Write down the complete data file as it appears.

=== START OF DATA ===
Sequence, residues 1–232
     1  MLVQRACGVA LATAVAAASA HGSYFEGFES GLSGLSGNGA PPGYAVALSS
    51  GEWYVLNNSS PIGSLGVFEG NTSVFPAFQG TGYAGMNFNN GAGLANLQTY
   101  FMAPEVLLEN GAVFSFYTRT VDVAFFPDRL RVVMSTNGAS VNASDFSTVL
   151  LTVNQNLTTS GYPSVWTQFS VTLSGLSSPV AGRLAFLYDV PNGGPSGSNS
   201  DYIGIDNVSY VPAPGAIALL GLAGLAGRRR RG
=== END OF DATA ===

Sequence, residues 1–232
     1  MLVQRACGVA LATAVAAASA HGSYFEGFES GLSGLSGNGA PPGYAVALSS
    51  GEWYVLNNSS PIGSLGVFEG NTSVFPAFQG TGYAGMNFNN GAGLANLQTY
   101  FMAPEVLLEN GAVFSFYTRT VDVAFFPDRL RVVMSTNGAS VNASDFSTVL
   151  LTVNQNLTTS GYPSVWTQFS VTLSGLSSPV AGRLAFLYDV PNGGPSGSNS
   201  DYIGIDNVSY VPAPGAIALL GLAGLAGRRR RG